By Daniel J. Capra and Liesa L. Richter. Full Text.
In recent years, there have been many calls and suggestions for a more equitable criminal justice system. Although sometimes overlooked in that dialogue, the fair operation of the Federal Rules of Evidence is a crucial component in ensuring such an equitable system. Unfortunately, the interpretation of Federal Rule of Evidence 106 in some jurisdictions permits unjust results, particularly for criminal defendants seeking to rely upon the Rule.
Rule 106, also known as the “rule of completeness,” is premised upon notions of fundamental fairness and ostensibly permits a party to force its adversary to introduce the remainder of a written or recorded statement when the adversary has offered a portion in a selective and misleading manner. This Rule, designed to prevent unfair cherry-picking presentation of out-of-court statements, is a critical tool necessary to achieving the fundamental goals of the Federal Rules of Evidence to “ascertain truth” and “secure just determinations.” But inconsistent and unfair application of Rule 106 has plagued the Rule since its adoption in 1975 and has frustrated its core purpose of demanding fair presentation of out-of-court statements. Most significantly, criminal defendants often run headlong into a prosecutorial hearsay objection when they attempt to utilize Rule 106 to introduce the remainders of their own statements presented in a fragmented and distorted manner by the government. Alternatively, prosecutors object to defense attempts to offer completing evidence of statements made orally because Rule 106 permits completion only of written or recorded statements. When such objections are sustained, the fact-finder is left with a distorted scrap of the truth.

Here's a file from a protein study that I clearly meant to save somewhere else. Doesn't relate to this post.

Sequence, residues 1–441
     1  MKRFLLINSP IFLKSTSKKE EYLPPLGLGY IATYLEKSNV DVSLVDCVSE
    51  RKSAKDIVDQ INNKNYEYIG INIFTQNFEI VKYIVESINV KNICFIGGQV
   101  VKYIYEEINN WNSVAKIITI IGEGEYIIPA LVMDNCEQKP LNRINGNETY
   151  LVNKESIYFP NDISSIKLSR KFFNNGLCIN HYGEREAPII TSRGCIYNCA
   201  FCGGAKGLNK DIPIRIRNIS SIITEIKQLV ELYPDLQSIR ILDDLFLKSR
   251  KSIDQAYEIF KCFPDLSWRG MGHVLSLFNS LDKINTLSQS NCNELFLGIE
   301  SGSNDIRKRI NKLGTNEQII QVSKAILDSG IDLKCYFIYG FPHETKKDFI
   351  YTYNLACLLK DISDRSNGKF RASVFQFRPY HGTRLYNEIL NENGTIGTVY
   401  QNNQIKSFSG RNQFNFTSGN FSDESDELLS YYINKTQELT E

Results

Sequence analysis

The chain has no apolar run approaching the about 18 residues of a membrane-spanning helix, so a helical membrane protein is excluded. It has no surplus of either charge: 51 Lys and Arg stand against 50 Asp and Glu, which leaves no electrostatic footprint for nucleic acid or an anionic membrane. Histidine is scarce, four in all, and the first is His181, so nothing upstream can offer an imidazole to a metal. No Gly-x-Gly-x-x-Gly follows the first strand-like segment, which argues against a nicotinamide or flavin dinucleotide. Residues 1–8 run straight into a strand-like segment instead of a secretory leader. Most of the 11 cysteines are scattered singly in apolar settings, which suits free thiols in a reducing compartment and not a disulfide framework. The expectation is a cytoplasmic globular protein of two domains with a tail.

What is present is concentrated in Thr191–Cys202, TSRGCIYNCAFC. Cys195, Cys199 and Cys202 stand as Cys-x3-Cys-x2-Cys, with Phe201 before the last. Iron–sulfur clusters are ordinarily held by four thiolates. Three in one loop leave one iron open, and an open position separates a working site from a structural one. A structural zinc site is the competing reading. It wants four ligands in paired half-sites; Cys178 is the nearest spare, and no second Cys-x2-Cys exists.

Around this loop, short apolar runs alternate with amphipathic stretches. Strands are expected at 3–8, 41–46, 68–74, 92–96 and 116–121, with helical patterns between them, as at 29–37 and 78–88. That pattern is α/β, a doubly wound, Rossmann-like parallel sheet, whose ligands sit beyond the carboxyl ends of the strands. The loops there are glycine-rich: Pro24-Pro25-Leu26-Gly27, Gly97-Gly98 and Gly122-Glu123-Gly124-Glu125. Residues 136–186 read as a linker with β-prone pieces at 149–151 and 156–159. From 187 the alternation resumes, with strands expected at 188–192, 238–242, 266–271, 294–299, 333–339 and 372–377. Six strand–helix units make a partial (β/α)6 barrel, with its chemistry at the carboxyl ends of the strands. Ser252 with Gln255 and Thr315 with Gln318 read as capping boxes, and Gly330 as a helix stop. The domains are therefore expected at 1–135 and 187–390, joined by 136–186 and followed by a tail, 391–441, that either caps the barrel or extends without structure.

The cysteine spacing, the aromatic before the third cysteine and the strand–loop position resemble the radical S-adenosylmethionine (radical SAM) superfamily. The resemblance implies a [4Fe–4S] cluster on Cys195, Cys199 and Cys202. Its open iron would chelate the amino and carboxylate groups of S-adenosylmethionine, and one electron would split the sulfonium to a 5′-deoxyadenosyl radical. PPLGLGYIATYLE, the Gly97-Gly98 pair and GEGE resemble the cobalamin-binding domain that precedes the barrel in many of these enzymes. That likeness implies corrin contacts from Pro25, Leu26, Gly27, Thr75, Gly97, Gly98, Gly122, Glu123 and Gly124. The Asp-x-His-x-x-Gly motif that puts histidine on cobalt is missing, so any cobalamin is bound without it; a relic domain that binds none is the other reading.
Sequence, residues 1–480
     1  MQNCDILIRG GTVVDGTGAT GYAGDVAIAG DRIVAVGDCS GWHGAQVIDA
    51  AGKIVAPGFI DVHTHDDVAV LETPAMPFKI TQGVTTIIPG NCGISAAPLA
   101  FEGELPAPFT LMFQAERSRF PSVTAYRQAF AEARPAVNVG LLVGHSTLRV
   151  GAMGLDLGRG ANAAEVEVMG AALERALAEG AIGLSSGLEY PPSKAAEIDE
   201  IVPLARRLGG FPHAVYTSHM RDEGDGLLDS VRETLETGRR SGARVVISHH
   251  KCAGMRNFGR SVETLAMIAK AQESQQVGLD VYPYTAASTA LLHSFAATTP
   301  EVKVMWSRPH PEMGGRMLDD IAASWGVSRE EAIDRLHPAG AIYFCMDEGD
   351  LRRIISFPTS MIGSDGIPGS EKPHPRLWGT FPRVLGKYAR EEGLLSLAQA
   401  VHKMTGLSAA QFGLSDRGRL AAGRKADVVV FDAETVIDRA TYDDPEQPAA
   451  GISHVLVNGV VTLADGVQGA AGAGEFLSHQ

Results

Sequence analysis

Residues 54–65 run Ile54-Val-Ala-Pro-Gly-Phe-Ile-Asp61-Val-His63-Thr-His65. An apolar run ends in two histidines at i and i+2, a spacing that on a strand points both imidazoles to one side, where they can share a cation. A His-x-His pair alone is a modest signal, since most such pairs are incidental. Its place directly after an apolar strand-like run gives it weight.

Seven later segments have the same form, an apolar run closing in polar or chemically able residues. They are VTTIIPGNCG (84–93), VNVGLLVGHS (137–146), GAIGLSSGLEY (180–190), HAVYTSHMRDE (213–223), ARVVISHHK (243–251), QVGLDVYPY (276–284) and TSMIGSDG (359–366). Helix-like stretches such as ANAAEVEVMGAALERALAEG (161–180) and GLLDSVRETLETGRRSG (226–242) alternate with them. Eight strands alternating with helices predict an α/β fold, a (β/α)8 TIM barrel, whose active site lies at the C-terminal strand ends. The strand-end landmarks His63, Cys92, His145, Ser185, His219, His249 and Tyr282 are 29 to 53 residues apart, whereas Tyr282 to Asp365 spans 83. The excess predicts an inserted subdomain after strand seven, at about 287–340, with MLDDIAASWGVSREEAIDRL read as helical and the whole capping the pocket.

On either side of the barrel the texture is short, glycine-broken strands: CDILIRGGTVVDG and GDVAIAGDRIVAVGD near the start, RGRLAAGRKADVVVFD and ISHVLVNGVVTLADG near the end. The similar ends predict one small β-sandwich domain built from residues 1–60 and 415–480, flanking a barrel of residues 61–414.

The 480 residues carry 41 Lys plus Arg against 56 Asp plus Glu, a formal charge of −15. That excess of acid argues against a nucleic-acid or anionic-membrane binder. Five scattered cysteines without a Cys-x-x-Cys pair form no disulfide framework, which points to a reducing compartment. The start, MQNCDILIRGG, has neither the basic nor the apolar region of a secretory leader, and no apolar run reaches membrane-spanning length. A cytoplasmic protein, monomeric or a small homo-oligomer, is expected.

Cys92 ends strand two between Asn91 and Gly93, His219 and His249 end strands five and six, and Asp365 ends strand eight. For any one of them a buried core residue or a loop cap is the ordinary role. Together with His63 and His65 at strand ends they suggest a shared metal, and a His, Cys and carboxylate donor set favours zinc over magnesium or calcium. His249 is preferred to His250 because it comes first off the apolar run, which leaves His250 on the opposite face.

The unfair application of a rule designed to promote fairness was made possible because the original drafters of Rule 106 chose to craft a rule of completeness that only partially codified the common law doctrine of completeness, leaving the admissibility of hearsay and oral statements unresolved. This incomplete rule of completeness has left federal courts struggling for decades with objections to oral statements and otherwise inadmissible hearsay offered to correct a misleading partial presentation of a statement. Although the federal courts have been wrestling with the proper operation of Rule 106 since its adoption, they are no closer to a uniform and just interpretation of the provision than they were forty-five years ago. Accordingly, Rule 106 should be reconstructed to allow completion of oral statements and to permit completion with otherwise inadmissible hearsay whenever necessary to prevent distorted evidence from influencing the fact-finder improperly. Only then will the “rule of completeness” be truly complete.